20.11.2018

Tuesday’s Soil Ecosystem Service – Recreational and landscape-related services

 

 

Outputs: Human physical and spiritual health and wellbeing

Definition: Soil fundamentally contributes to the appearance and diversity of landscapes and largely defines a range of land uses in the Alps. Land-uses/landscapes enable diverse aesthetic, spiritual, cultural, and physical experiences to humans and are the physical and aesthetical framework for a range of recreational and touristic activities in the Alps.

Relevant effects, processes and controlling soil properties: Soil properties (e.g. soil depth, texture, nutrient level, permeability, etc.) and soil quality (fertility), geomorphology (e.g. slope steepness, exposition, altitude, etc.) and (micro) climatic conditions fundamentally define the land suitability for different lands uses created or managed by humans or the properties and scenic values of natural and semi-natural areas. For instance, the deep and fertile soil in suitable relief and climate are primarily used for agriculture, shallow soils on moderate slopes at higher elevations for pastures, steeper mountain slopes are frequently used as protective forests, stony and shallow soil at high altitudes as natural mountain grasslands or scenic mountain peaks, etc. Soils directly contribute to the suitability for diverse recreational activities such as ski runs, mountain-bike trails, and indirectly to interesting and scenic landscapes that attract people.

Relations to the entire ecosystem: Direct and indirect aesthetic and recreational soil ecosystem services cannot be separated from those performed at the ecosystem/landscape level.

Relations to other services: Recreational and landscape soil services as a part of the landscape, does normally not interfere with other soil ecosystem services, they are inherited. However, the use of soils as sports grounds may affect or even threaten other important soil ecosystem services such as water purification, water retention, local climate regulation, and providing habitats (biodiversity).

Land use impacts: Recreation and touristic activities usually take place within existing Alpine territory, dedicated to different land uses. Mountain grasslands used for pasture in summer are used as ski runs in winter, forests and grasslands host mountain bike trails, and high-biodiversity and nature conservation areas are visited for hiking and admiring. Yet, recreation and touristic activities may significantly affect or even degrade soils by changing its physical and chemical properties due to trampling, compaction, erosion, contamination, etc. By this, the provision of other soil ecosystem services can be affected or threatened. Hence, a sustainable land and soil management within recreational and touristic activities in the Alps must ensure adequate protection of these soils.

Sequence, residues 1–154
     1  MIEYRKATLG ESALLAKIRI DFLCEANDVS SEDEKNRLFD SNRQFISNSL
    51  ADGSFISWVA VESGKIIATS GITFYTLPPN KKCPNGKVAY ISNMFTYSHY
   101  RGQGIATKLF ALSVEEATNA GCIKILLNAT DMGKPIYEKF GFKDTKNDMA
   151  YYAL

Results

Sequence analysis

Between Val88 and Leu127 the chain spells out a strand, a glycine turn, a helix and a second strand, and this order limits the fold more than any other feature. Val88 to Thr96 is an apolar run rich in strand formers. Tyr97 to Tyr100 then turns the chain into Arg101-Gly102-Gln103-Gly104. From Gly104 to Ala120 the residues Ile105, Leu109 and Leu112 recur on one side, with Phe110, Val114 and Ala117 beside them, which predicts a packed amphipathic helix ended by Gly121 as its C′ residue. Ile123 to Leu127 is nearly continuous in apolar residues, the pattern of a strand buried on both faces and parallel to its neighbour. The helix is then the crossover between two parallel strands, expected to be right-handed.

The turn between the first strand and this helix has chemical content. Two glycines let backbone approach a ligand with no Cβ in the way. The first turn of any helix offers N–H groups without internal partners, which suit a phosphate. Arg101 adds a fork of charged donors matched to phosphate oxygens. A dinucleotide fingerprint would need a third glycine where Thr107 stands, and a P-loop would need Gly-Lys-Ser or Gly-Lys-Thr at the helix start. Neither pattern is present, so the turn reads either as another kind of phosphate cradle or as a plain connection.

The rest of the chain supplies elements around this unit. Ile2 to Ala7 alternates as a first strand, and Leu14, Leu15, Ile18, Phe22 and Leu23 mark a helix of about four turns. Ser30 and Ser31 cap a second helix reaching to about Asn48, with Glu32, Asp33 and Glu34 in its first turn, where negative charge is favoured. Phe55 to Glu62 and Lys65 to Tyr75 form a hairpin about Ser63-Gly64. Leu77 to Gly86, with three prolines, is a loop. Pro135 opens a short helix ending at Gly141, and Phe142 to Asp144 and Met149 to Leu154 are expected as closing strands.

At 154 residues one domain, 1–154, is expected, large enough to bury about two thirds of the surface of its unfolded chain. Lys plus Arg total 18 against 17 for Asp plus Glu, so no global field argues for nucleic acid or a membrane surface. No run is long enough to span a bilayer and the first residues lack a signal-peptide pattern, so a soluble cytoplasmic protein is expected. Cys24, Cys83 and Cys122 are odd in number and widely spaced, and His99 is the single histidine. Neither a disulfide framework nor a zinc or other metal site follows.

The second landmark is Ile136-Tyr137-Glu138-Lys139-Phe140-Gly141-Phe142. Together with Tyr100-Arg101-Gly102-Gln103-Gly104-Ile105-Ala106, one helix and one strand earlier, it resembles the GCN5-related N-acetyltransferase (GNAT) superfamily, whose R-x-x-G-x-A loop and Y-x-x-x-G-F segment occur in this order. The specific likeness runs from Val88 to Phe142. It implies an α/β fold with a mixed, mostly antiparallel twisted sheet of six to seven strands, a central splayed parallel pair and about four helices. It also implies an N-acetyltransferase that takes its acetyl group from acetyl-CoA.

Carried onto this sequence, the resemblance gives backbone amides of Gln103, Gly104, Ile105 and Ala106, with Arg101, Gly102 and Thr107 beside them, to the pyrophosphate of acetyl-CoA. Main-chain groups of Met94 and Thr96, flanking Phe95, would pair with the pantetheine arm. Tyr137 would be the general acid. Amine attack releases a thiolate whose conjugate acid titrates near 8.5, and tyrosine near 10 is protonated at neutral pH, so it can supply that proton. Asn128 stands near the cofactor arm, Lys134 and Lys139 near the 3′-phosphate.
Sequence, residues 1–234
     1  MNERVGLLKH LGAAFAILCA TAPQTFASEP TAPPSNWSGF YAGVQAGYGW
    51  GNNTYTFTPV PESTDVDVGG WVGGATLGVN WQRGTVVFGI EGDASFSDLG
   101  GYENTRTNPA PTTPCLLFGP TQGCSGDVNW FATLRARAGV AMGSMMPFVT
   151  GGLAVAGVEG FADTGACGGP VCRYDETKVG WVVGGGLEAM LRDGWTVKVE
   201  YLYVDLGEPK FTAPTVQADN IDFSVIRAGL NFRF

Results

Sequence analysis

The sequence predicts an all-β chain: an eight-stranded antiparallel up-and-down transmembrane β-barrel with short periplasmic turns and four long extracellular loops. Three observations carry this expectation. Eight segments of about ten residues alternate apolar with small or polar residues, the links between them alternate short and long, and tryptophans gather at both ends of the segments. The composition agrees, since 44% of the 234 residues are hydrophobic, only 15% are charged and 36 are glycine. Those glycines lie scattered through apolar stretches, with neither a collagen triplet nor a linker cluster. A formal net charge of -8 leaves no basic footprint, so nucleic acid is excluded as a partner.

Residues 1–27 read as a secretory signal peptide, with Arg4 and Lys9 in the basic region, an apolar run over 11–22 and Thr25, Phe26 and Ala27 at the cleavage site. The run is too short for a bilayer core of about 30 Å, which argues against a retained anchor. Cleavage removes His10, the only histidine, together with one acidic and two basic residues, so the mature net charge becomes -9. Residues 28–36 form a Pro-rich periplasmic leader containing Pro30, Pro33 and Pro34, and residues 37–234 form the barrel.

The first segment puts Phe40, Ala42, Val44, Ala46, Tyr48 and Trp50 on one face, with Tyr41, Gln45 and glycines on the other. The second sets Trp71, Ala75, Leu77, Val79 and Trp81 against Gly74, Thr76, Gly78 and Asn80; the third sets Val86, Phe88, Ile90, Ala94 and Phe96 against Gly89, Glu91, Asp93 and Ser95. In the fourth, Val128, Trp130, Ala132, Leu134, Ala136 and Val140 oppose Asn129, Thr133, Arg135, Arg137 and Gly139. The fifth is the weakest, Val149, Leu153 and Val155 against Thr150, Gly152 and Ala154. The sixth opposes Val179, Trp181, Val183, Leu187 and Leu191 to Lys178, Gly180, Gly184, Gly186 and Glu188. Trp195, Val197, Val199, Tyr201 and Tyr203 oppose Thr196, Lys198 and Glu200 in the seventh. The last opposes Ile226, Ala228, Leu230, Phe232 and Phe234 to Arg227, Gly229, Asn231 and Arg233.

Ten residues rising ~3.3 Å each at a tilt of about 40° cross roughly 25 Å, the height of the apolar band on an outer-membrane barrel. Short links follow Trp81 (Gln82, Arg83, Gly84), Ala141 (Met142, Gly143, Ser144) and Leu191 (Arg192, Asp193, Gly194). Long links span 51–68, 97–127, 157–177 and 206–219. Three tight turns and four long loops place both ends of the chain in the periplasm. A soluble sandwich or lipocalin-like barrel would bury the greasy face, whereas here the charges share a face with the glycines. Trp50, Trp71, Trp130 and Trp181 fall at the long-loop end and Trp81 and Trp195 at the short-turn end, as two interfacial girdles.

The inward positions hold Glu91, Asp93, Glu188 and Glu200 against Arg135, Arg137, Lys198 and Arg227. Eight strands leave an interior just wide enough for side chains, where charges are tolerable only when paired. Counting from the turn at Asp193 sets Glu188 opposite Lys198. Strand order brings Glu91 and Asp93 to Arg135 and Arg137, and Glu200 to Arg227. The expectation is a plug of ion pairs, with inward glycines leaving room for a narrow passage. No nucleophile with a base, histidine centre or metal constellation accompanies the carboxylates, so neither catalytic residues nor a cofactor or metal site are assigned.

Climate change impacts: Global climate change drive to local changes of distribution of precipitation, temperatures that affect soils, vegetation and consequently, Alpine land uses/landscapes. The effects are difficult to predict and the adaptation measures are hard to foresee. According to future scenarios, ski resorts in the Alps will face snow shortages and shorter ski seasons which will threaten the viability of ski-tourism and lead to adaptation measures.

Demand aspects: Hiking, skiing, mountain biking and other sport and tourist activities are in particular important for regional Alpine economies. A better understanding of soils and impacts of diverse sports and recreation activities on the alpine soils can contribute to the design of sustainable soil use and management in the tourism sector.

 

 

Short description:

  • Outputs: Human physical and spiritual health and wellbeing
  • Provision: Land uses and landscapes that are used for a wide range of outdoor activities that contribute to human health and enable people to benefit on cultural, spiritual, and aesthetic experiences. For some activities, a specific soil management is required, to protect soils and assure favourable the soil physical and chemical properties.
  • Demand: Skiing, hiking, and mountain biking are main sports activities that are in particular relevant for the Alpine region and drive local economies.
  • Threat: Inappropriate soil management and building of tourist infrastructure (e.g. ski runs, mountain bike or hiking trails) promote severe erosion, which in turn threatens all soil ecosystem services.